Could we ask about your references? Once again, the project looks quite special in its very cinematic feel.
A movie that we looked at was “Sicario,” because I really liked how it had that kind of soft-spoken, underplayed realism. What struck me was how quiet you can be in an action movie. It was something we went back to once in a while. Other than that we did a ton of research, we also met with psychologists, negotiators, SWAT teams. We met with a guy who had been hostage in real life. We spent a lot of time on trying to get a sense of how the hostages would react. Would they sit and cry all day or silently cope? Every time we didn’t know, we would look at the real people. They became our major point of reference, real people, real life.
The narrative of certain recent dramas made in international is driven by human flaws and a frustrating stupidity. In contrast, in “Below the Surface” the characters including the terrorist task force are very intelligent – there are very clever dialogues. These are people that are very smart facing a huge challenge, making tough decisions.
That’s a very interesting point. We talked a lot about it because when we met with many negotiators and psychologists, police people. We were obviously looking for where would the conflict could come from and I think it is very easy, very tempting to include a character who is really aggressive or who is really stupid. That makes it easy to create situations where people disagree. But what we learned when we talked to these people is that first of all they were really really smart, well trained, super resourceful and knew exactly what to do. We didn’t meet anyone who was stupid or would act irrationally in a situation like that. So it became a goal for us to create the conflict and still maintain that all the people that are working to solve this are super smart, they are the best. So find the conflict in the pressure but not in characters’ flaws – that made it more difficult but that was a major concern for us.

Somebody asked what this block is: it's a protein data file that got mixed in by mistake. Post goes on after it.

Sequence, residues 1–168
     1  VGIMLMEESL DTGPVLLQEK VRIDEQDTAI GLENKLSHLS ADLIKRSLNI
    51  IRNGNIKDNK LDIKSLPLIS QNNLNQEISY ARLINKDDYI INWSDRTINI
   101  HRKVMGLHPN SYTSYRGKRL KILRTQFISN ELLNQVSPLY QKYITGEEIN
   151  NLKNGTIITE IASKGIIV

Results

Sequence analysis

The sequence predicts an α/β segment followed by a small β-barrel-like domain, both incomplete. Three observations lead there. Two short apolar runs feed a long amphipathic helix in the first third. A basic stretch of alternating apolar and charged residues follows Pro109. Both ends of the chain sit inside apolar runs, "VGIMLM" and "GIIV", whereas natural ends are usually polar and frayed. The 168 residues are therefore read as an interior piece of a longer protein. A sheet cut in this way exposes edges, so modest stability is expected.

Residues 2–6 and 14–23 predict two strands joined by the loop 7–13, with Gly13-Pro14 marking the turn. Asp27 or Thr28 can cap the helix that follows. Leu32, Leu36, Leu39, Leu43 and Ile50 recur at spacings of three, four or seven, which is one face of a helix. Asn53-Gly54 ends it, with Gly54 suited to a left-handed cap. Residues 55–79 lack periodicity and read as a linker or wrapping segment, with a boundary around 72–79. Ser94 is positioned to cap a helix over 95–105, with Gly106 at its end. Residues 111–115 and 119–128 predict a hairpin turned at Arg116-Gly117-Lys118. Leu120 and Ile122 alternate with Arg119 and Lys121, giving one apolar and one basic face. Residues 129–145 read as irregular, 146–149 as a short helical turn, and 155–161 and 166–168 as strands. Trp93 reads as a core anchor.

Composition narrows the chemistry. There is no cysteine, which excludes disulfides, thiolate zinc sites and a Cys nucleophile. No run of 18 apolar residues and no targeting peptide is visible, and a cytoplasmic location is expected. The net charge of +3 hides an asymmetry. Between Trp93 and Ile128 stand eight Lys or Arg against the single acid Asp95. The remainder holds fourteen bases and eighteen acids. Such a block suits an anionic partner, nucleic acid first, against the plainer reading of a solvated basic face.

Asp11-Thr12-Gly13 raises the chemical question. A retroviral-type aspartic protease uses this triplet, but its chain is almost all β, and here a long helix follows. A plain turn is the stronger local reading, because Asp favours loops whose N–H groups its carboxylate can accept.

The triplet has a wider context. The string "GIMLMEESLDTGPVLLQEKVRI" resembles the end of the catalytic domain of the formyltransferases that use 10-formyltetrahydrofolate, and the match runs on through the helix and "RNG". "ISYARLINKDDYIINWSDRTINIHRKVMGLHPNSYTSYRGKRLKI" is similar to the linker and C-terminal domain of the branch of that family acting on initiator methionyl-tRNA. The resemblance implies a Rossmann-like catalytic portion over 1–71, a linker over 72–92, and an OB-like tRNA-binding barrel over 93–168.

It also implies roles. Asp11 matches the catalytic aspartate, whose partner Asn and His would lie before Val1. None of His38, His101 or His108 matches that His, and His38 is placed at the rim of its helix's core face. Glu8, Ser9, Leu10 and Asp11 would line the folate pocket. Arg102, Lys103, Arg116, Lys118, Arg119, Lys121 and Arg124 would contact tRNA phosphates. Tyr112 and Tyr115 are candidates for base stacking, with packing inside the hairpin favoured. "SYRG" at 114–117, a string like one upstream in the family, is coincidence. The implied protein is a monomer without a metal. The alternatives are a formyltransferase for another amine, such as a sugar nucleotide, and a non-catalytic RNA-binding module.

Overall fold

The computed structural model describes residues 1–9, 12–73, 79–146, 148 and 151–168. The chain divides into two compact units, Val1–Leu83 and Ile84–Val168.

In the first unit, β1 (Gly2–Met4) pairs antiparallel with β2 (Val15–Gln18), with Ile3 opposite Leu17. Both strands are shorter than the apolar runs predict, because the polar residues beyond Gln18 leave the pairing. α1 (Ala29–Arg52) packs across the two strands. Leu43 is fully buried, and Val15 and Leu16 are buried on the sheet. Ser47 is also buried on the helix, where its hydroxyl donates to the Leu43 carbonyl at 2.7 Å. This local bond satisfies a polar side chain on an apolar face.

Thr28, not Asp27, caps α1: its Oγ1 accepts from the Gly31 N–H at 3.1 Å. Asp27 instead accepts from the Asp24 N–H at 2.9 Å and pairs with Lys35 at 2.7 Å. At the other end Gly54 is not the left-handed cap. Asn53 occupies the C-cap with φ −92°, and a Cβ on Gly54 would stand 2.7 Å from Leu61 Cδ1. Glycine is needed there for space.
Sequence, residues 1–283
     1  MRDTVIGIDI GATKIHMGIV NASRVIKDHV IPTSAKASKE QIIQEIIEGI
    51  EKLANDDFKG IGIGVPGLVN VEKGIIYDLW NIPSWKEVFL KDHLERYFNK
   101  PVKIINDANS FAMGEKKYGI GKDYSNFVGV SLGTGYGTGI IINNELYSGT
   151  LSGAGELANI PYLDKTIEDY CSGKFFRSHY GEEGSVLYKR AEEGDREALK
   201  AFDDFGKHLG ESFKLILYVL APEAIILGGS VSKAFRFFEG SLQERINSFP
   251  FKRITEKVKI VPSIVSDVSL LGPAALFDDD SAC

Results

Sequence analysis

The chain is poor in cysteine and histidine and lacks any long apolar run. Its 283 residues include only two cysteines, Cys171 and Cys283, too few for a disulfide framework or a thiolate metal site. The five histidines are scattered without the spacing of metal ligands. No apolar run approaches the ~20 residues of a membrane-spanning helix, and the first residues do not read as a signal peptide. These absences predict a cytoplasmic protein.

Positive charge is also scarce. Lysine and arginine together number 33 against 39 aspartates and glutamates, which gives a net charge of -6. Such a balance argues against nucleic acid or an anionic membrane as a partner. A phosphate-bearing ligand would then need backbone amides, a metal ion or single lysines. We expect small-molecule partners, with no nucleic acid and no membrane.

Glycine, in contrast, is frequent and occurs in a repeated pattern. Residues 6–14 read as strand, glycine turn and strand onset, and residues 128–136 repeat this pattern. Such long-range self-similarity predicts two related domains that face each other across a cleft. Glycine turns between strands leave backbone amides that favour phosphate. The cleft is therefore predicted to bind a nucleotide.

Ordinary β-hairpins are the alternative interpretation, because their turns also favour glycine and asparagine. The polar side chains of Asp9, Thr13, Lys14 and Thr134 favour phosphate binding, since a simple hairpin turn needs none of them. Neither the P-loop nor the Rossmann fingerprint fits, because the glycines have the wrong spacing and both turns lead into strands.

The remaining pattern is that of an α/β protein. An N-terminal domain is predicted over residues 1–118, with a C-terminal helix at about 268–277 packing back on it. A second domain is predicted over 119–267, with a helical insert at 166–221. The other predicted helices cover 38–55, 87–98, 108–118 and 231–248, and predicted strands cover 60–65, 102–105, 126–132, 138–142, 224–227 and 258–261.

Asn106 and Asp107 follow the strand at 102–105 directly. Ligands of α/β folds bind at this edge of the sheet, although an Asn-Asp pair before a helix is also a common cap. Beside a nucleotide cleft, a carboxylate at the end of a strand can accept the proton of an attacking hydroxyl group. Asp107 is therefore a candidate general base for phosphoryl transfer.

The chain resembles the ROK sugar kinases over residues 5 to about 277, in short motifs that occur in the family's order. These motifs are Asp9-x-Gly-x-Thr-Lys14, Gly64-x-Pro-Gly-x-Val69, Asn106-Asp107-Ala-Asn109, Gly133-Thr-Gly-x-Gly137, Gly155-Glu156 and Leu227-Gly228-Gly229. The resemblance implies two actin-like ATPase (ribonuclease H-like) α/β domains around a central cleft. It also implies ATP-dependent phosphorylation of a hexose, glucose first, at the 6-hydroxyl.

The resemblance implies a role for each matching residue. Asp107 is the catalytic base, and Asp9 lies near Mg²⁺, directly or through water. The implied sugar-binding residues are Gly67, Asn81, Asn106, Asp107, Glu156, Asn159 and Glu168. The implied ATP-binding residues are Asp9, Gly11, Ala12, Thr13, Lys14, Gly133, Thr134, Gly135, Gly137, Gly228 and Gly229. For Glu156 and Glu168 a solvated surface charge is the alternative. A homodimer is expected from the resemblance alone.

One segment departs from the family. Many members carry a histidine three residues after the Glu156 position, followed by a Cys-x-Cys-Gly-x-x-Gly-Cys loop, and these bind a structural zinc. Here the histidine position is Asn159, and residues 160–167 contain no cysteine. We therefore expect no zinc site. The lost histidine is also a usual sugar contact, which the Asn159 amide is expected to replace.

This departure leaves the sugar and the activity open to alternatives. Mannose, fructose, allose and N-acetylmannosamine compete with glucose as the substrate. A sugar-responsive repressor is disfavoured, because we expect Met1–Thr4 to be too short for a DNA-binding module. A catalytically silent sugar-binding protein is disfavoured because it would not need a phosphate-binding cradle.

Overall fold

We’d like to ask about the writing process. As the media has pointed out, Europe is adopting writers rooms while America in the figure of the show-runner, has consecrated an auteur style born often associated, when it comes to movies, with Europe.
We were never more than three in the room together, and the combination could change. At an early stage, I worked with another writer for two-to-three months on laying out the story events. Then I went into the next phase with two other writers, where we would outline the story episode by episode: One writer would outline and come back and we would give him or her notes and that writer would write the episode, come back and get further notes. We could be working on two or sometime three episodes at the time. We would be typically three people outlining two episodes together. Writers did two drafts of their episodes and I would take it from there. My job was to be in the room story-lining it and giving notes until the third draft.
John Hopewell contributed to this article